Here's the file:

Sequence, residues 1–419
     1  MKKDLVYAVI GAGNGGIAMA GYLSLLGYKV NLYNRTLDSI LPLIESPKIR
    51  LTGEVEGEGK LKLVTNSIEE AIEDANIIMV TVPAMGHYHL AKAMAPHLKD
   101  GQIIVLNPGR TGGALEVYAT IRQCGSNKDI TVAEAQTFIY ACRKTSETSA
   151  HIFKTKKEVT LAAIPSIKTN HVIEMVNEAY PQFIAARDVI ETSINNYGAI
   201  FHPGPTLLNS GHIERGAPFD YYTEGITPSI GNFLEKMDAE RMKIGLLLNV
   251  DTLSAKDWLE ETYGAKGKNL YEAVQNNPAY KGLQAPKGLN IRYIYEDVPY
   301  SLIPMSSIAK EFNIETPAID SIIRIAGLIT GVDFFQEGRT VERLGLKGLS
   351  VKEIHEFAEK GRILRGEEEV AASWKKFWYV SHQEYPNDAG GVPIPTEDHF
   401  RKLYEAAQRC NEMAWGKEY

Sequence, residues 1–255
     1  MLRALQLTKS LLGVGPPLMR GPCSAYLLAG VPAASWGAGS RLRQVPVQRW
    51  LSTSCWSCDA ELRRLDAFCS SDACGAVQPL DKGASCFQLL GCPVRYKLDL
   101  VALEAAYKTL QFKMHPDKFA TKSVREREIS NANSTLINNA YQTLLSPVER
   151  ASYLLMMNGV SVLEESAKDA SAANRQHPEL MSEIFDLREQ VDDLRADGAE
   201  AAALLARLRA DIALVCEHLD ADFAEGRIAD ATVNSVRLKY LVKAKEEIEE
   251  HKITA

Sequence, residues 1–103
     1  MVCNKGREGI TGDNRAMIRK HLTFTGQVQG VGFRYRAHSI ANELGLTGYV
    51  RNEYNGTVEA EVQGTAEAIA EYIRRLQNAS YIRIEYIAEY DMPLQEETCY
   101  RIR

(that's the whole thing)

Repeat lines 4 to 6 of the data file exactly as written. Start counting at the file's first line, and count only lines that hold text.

   101  GQIIVLNPGR TGGALEVYAT IRQCGSNKDI TVAEAQTFIY ACRKTSETSA
   151  HIFKTKKEVT LAAIPSIKTN HVIEMVNEAY PQFIAARDVI ETSINNYGAI
   201  FHPGPTLLNS GHIERGAPFD YYTEGITPSI GNFLEKMDAE RMKIGLLLNV